For 10 years, Patricia Werhane has been organizing initiatives at DePaul University that highlight the importance of weaving ethical decisions throughout the university experience—and life.

 The list of all she has accomplished over the past decade is varied and impressive, from leading the Institute for Business and Professional Ethics (IBPE) to writing influential articles and books on ethics to participating in a documentary series about poverty aired on public television.

“I’ve been able to do all of that here, and I don’t think that I could have done that at any other university,” says Werhane, reflecting on the 10th anniversary of her appointment as managing director of the IBPE and Wicklander Chair in Business Ethics. “DePaul has allowed me to work on the many projects I’m passionate about.”

One of Werhane’s latest endeavors, “Big Questions,” is a documentary film series that examines sustainable poverty alleviation projects around the world, focusing primarily on those that help people become independent without philanthropy. “We have seen that too much philanthropy can be debilitating,” Werhane says. “The idea is to release people from dependence on philanthropy, which, while always worthwhile, is not always continuous.”

The series grew out of a video Werhane filmed with Kim Clark, an instructor in DePaul’s College of Communication, about grassroots efforts to alleviate poverty in Bangladesh. That documentary caught the attention of WNIT, the public television station in South Bend, Ind. The station suggested a six-episode series, which aired in May and will be reshown this fall. In addition to micro-lending in Bangladesh, the pieces focused on telemedicine in Ghana, school building in Haiti, a leper colony in Tanzania, a women’s jail in Michigan and wage theft in Chicago. Laura Hartman, Vincent de Paul Professor of Business Ethics, was also involved as co-host of the series.

“Our purpose was always to record real-world, sustainable actions that are alleviating poverty, suffering and injustice,” Werhane explained in a 2012 interview about the series.

“Every episode ends with a Vincentian challenge: What can you do about this issue? How can you actually change the world?”

Werhane, who traveled widely for filming many of the segments, will continue globetrotting this fall as a Fulbright Specialist. Through the program, which matches scholars with academic institutions overseas, she will head to All Hallows College in Dublin, Ireland, for two weeks in November to organize a business ethics program at the school.  

When she is at DePaul, Werhane teaches in the philosophy and management departments and concentrates on training professors in how to best teach ethics in their classrooms. “The interesting thing is to get someone from mathematics, art history, music or theater,” Werhane says. “We discovered in workshops that a lot of faculty already are integrating ethics, but what they need is more skillsets to help them do that better.” The Ethics Across the Curriculum initiative was part of DePaul’s Vision 2012 strategic plan, and Werhane will spearhead a survey next year to document a decade’s worth of progress in integrating ethics at the university.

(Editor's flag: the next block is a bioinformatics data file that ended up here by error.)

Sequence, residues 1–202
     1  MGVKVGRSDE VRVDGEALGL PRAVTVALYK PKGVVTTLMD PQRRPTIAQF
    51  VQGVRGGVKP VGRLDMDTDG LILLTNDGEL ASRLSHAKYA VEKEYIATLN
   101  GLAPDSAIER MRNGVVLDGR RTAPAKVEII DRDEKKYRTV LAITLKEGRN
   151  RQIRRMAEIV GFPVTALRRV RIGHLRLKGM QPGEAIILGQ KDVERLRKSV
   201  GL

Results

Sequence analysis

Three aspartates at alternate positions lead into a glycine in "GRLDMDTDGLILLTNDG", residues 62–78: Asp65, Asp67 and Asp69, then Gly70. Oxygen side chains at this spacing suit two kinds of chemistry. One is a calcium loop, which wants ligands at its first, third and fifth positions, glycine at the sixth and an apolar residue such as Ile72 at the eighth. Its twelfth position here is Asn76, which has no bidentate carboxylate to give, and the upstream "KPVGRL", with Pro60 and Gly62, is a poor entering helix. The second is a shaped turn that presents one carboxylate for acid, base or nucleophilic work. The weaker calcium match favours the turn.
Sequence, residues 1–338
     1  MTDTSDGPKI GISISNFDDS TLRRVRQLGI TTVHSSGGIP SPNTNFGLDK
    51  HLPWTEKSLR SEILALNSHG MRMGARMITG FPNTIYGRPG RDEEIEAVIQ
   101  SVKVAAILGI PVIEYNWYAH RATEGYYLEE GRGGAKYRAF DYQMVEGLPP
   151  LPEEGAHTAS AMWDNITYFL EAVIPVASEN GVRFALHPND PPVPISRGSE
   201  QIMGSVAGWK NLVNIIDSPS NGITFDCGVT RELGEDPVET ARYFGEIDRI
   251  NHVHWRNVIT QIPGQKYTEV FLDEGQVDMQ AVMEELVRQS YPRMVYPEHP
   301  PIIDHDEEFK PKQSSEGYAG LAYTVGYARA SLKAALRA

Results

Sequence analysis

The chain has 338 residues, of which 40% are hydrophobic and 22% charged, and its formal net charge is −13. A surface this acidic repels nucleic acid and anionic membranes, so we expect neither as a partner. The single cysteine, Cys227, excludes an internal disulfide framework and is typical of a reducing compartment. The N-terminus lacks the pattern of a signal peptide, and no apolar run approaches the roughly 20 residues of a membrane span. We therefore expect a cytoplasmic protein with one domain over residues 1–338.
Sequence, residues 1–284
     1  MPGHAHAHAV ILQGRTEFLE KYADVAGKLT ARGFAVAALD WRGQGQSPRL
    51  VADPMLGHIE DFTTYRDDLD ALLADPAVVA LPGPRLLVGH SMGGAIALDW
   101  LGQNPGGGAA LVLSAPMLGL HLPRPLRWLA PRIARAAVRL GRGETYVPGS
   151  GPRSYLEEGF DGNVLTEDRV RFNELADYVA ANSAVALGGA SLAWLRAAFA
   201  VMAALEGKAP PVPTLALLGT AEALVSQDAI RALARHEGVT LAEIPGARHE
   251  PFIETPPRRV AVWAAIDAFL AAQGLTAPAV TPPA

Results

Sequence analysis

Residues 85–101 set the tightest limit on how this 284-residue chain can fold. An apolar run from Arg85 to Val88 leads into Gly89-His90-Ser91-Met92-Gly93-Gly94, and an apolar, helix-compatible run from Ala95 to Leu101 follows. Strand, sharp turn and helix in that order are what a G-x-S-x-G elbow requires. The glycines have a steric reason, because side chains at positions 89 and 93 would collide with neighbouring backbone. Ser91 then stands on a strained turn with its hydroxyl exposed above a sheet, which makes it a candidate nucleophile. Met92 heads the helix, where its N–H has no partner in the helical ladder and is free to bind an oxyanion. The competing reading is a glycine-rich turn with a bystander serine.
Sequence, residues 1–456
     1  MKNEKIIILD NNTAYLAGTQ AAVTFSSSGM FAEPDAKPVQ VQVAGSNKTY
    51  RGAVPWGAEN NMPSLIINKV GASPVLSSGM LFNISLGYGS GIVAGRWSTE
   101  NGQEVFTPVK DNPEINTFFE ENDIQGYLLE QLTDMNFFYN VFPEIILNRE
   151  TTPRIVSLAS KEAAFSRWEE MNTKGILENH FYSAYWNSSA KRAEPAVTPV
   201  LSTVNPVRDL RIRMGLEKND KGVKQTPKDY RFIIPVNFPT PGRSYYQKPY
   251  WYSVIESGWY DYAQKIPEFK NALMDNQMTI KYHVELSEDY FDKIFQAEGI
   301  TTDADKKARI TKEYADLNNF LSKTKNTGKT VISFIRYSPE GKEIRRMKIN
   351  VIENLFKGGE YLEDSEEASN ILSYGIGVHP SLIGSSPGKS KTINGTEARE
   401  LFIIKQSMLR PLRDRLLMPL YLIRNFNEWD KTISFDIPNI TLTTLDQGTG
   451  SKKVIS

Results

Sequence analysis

Werhane also is a prolific author. With Hartman and three other co-authors, Werhane penned “Obstacles to Ethical Decision-Making” (Cambridge University Press) this year.  She also coedited the recently released “Leadership Ethics,” a three-volume collection (Sage Publication).

In addition to being involved throughout DePaul, Werhane is well known in  industry. In 2008, Ethisphere magazine named her one of the 100 Most Influential People in Business Ethics. Recently she received the lifetime achievement award for outstanding contribution to scholarship from the Society for Business Ethics. Werhane, who was one of the society’s founders and who authored one of the first textbooks in business ethics in the 1970s, says the recognition means a great deal.

“I’ve worked very hard in this field, and it is a field that doesn’t have very many women in it, so it was a particular honor for me.”


What does DePaul’s Institute for Business and Professional Ethics Do?

  • Sponsors at least one major speaker on campus per quarter, such as inviting legal expert Lori Andrews to discuss online privacy and Mike Hannigan of Give Something Back office supplies to talk about tax breaks for benefit corporations.

  • Offers corporate ethics roundtables twice a year for leaders from local businesses. Involves members with DePaul through a corporate board.
  • Rotates hosting duties for a yearly conference on business ethics with two other Vincentian universities. DePaul will host the 20th annual conference, “Business Ethics in the 21st Century: The Globalization of Corporate Responsibilities,” in Chicago Oct. 17-19.
  • Awards a student scholarship sponsored by Hong Kong Shanghai Bank Corporation and a number of faculty fellowships for ethics projects within various fields.
  • Runs the Business and Professional Ethics Journal, a twice-yearly professional journal that features articles from the international community.
  • Compiles a White Paper Database to translate academic articles into more-accessible formats.